I always wanted to be a star. Jem and the Holograms was my inspiration as a kid, and I wanted to be truly outrageous. I wanted to sing my heart out. I wanted to dance all night long like Lionel Richie sings. I wanted to be everything, a star ready to shine, but like with the bear traps of Retail, I stumbled into the crevices of the star-shined scam.
I was denied from the Drama Club in high school due to a vendetta between the one, that later threw me out of her Art class, and the mischievous behavior of my older brother. I returned to the stage later for two Lip Syncs, performing Roxette’s Fading Like A Flower and Bonnie Tyler’s Holding Out For A Hero. In my senior year, I actually did sing at my high school’s coffee house, singing to Richard Marx’s Right Here Waiting, but I was more of an intermission act. Still, it felt good being on stage, and I wanted more.
I found the advertisement for a Talent and Modeling Agency on Long Island. It wasn’t too far from my grandfather’s house, so I walked the distance. The office was professional with headshots hanging on the walls, and I met with a woman that promised to help grant my dream. All I needed were headshots, and she gave me a package deal. The cost was high, but she assured me that it was well worth it. I wasn’t working at that time because I was supposed to be more focused on my studies, but the money I gathered was put toward that package deal. And I spoke to my aunt with high hopes about my dreams for acting coming to life.
My aunt grabbed me by the hand and stormed into that agency. She made me wait in the waiting room as she had a sharp conversation with the same woman that I met with. I heard the word, naïve exchanged quite a few times, but I knew all about scams. I had fallen victim to a few of them before, but this seemed legit. Why was my aunt acting like I was being robbed?
My aunt stormed out of the agency, taking me back to my grandfather’s house. I was warned not to return there. The money that I invested was gone, lost to what she believed was a scam. I wanted to believe different. I later received a letter from that Talent and Modeling Agency, offering the same package but for less. I wanted to do it, but I was warned that I would be sent back home upstate, if I did. So, I threw the letter away, giving up for now on my dreams of becoming a star.
In 2008, a talent scout arrived in Middletown at a local hotel. She was looking for the next big star, and auditions were being held. I took the day off from work and went to audition. I filled out the forms given and stood before the camera, giving a description of myself and what I wanted. The next day, I received a phone call that I was accepted. All I had to do was pay for the headshots, which were close to five hundred dollars. At that time, I was working two jobs, one in retail and the other as a secretary for a local real estate agency. Neither one was helping me make the bills, so I declined, a bitter pill that I had to swallow. But I couldn’t do it, denying once again my dreams to shine.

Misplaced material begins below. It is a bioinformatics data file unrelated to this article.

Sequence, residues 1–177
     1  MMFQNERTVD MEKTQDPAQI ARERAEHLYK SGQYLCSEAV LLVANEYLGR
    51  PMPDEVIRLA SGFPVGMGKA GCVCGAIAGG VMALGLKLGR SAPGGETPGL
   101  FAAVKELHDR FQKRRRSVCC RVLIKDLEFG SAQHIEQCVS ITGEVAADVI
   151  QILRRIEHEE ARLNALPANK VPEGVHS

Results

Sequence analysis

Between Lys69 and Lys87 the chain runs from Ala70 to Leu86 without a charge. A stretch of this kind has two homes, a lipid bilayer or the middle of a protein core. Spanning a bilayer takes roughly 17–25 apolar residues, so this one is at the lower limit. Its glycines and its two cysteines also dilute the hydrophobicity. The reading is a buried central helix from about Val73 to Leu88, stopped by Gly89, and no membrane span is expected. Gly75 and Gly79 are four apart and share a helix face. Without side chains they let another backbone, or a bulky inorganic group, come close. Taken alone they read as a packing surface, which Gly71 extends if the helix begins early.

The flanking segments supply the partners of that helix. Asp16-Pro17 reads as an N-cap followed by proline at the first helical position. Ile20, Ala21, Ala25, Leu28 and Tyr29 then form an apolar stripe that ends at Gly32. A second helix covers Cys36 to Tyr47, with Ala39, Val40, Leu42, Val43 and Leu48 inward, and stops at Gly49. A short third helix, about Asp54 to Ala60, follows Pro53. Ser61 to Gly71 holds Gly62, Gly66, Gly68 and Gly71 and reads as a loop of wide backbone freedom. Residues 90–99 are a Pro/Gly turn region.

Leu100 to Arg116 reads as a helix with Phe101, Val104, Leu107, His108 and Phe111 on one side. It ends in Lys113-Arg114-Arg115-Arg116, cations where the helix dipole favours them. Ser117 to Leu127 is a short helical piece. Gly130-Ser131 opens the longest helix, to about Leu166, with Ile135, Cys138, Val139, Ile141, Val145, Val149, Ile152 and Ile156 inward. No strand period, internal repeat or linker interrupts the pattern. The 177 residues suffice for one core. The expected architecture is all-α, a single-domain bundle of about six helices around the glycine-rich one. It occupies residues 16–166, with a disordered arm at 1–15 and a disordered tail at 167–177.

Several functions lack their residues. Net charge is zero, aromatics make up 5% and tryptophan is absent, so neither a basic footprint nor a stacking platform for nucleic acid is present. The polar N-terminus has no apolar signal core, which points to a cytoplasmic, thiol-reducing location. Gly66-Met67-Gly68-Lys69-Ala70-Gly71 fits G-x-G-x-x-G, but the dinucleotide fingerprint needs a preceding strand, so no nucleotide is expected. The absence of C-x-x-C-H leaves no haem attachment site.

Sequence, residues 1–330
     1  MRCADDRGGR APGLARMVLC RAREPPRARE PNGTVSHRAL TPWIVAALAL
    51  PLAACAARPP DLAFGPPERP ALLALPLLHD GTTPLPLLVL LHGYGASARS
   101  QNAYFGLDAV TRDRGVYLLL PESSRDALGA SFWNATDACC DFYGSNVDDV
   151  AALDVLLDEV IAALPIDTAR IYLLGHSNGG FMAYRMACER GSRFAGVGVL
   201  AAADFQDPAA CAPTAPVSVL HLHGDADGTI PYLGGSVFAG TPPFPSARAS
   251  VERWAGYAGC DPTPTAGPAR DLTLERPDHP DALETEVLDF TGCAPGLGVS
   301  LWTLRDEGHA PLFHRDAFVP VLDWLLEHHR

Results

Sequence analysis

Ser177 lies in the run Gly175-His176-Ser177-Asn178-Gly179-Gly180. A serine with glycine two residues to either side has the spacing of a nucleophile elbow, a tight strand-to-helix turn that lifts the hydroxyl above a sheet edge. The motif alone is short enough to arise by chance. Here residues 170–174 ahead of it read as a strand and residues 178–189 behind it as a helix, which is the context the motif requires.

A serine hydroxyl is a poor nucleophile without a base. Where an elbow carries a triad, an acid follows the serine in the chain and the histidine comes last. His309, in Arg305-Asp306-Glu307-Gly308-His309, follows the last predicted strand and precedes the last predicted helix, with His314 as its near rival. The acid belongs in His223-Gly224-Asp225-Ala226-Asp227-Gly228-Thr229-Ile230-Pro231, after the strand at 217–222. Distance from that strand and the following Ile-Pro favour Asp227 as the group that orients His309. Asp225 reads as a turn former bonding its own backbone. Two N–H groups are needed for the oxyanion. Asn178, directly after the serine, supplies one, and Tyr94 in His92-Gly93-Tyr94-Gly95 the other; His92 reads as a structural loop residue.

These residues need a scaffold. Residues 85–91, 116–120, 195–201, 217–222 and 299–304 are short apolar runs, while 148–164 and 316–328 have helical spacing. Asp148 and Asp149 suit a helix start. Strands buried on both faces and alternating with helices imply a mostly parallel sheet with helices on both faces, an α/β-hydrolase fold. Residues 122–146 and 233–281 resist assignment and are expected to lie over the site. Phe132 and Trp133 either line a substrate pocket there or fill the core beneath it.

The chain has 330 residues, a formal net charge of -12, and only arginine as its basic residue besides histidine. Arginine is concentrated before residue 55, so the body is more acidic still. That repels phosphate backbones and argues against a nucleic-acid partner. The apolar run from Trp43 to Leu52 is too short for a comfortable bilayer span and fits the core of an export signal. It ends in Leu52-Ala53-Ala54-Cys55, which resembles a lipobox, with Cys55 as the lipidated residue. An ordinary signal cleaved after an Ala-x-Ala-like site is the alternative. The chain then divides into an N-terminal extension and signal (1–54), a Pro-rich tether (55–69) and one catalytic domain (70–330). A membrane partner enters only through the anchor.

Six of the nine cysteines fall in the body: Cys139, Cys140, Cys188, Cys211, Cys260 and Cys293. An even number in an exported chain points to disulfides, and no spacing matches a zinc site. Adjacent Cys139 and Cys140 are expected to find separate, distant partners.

I later discovered that they too were a scam. This agency held auditions for those interested in becoming a star, and then they charged them. They charged them for the headshots and their services. Their false promises of becoming an actor would never come to fruition, but they promised different. And my debt saved me from falling into another crevice of a star-shined scam.
I was at the mall yesterday, carrying around my old cell phone. For some reason, I decided to grab that instead of the new one, and I found a voice mail message waiting. On Friday at 2:30pm, another Talent and Modeling Agency called about an open audition this weekend, and they were asking for me to come and audition. I don’t know how they got that number, but I was very interested. I was thrilled that they were open on a Saturday, and the audition would be held today, Sunday. I jotted down the necessary information with a pen borrowed from my father and on a receipt pressed against a store countertop. I hurried my family out of the mall because I needed to go home to send a picture of myself to the local drug store to print out. It was the only thing asked of me, and my excitement grew. But as I sat before the computer, anxious for the next day, I stared at the screen and opened my web browser. Against my high hopes, I googled them, and the word, SCAM into view. I read the complaints posted, despite one saying that those complaints were frauds themselves, but then I found that this agency offered services too high in cost. I just completed two levels of Acting here in Goshen, NY for much less and with a legitimate actor, who has continued to help train me for the goals that I am planning, acting and writing. This agency did not promise to help me achieve my goals, and I wasn’t going to allow myself to fall into another crevice, losing money and losing dreams.
I almost didn’t do the Acting in Goshen. I feared that was another scam, but the workshop was free. My baby brother begged me to go, so I finally gave in. I went with no hope, no expectations, and I was proven wrong. It was a lucky thing that I did go because a new door of opportunities opened before me. The problem is that you don’t know. Yes, I had to pay for the Acting classes, and they weren’t cheap. But they were worth it, and you get so much more with it. But it was a risk, a chance that I was willing to take, but when you want to be a star, you have to take risks. But you also have to beware the star-shined scam. Sometimes, you can’t tell the difference, and head shots are not cheap. But maybe the best thing to do is to research who you are doing business with and then try to make a decision based on the facts given, but if intuition tells you that this is not a scam, then maybe also heed that voice that we often like to ignore. Either way, we live, and we learn. And we still hope to become a rising star.